Consumer prices little changed as inflation recedes
The cost of living was little changed in December, capping the third-smallest annual gain in the past decade, indicating U.S. inflation remains at bay.
The unchanged reading in the consumer-price index matched the median estimate of 83 economists surveyed by Bloomberg and followed a 0.3 percent drop the prior month, Labor Department data showed Wednesday in Washington. Costs rose 1.7 percent in 2012, down from a 3 percent increase in 2011.
Price increases will probably remain restrained as retailers like Target Corp. use discounts to attract customers and budget battles in Washington hurt confidence. Federal Reserve policymakers are likely to maintain unprecedented easing measures while inflation holds below their target level and absent further progress on reducing joblessness.
"There's nothing to worry about on the inflation front" so the Fed will continue easing measures, said Bricklin Dwyer, an economist at BNP Paribas in New York, who correctly projected the December price readings. "We're seeing weaker domestic demand playing into weaker price pressures."
Stock-index futures held earlier losses after the report. Bloomberg survey estimates for the consumer-price index ranged from a drop of 0.2 percent to an increase of 0.3 percent.
Consumer prices rose 2.4 percent on average over the past decade.
The core index, which excludes volatile food and energy costs, climbed 0.1 percent for the fifth time in the last six months. For 2012, core prices rose 1.9 percent compared with a 2.2 percent advance in 2011. Last year's gain matched the average increase over the past 10 years.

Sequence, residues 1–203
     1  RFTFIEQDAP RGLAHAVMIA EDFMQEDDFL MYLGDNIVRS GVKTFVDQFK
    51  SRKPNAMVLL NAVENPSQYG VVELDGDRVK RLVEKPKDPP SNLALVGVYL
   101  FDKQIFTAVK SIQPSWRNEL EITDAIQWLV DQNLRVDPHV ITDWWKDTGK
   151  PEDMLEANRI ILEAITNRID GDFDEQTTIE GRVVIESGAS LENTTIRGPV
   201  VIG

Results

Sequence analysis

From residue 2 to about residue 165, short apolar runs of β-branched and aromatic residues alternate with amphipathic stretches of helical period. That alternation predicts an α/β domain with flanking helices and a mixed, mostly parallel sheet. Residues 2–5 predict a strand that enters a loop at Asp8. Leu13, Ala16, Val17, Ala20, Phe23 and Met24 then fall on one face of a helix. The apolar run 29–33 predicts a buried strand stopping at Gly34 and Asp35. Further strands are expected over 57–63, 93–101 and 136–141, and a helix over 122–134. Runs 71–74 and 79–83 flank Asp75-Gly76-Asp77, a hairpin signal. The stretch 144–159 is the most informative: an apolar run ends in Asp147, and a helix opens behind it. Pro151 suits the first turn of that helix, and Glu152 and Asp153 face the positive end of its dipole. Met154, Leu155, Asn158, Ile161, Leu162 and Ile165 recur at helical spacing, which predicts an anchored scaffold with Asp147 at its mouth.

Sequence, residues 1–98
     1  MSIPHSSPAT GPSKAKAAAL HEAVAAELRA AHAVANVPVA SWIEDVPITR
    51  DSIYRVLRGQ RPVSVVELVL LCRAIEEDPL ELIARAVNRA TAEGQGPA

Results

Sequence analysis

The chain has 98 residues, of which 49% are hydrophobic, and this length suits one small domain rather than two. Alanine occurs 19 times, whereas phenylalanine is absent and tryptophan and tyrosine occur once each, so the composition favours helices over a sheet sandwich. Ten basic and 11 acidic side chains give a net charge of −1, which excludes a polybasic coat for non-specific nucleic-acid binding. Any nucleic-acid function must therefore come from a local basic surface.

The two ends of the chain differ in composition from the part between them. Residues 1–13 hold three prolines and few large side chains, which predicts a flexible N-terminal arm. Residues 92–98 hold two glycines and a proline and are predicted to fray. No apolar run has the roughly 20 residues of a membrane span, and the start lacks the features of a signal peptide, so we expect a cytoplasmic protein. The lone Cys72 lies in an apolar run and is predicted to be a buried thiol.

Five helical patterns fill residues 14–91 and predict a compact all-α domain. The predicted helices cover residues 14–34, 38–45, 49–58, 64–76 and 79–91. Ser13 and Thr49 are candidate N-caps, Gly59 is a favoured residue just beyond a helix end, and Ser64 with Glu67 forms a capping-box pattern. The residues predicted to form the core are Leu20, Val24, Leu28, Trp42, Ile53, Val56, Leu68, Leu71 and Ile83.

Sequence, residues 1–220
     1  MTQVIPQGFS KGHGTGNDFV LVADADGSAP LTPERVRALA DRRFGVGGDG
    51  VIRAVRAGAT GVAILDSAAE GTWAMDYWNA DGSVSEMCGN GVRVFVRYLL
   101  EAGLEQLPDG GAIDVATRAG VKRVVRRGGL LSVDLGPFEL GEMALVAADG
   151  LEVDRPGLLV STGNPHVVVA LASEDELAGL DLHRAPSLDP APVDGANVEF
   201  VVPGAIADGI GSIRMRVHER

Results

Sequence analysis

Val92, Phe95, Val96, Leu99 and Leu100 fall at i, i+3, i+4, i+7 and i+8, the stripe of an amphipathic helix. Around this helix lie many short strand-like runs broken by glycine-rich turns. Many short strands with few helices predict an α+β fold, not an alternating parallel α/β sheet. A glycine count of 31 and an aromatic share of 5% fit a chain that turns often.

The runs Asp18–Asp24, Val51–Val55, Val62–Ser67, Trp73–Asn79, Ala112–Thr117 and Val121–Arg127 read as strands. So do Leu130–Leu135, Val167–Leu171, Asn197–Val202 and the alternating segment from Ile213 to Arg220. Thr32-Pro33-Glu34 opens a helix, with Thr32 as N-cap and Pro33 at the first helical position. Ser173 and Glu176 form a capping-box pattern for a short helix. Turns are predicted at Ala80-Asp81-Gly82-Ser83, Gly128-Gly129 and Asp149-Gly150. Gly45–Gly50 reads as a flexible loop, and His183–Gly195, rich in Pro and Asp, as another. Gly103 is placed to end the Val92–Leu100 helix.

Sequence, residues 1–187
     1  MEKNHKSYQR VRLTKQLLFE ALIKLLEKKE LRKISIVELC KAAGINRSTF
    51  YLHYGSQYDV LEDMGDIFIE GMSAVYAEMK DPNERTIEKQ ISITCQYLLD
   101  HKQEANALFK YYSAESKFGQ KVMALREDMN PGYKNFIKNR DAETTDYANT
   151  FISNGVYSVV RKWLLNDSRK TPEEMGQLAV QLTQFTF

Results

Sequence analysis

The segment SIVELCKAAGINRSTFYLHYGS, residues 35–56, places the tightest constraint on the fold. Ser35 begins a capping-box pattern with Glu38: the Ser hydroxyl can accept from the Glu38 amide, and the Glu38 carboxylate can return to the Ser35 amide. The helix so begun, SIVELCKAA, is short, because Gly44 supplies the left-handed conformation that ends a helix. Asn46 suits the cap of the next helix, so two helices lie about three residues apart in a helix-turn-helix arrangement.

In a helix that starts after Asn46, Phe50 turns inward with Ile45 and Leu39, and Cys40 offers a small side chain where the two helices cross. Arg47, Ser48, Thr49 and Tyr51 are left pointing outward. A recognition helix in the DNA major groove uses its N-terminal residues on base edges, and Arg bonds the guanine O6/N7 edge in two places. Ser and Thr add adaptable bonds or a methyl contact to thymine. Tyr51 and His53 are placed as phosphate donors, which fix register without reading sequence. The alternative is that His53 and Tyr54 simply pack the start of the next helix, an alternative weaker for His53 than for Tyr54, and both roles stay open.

The Fed's preferred price measure, which is tied to consumer spending patterns, rose 1.4 percent in the 12 months to November, according to data from the Commerce Department.
Central bankers in December adopted a more flexible approach to their interest-rate outlook, saying borrowing costs will stay low "at least as long" as unemployment remains above 6.5 percent and if the Fed predicts inflation of no more than 2.5 percent one or two years in the future. That language replaced an earlier link between the rate outlook and calendar dates. Unemployment was 7.8 percent in December and November.
"For the next few years, it's unlikely that we're going to see inflation really push up above that 2 percent level," that is the Fed's longer-term goal, Daniel Silver, an economist at JPMorgan Chase & Co. in New York, said before the report.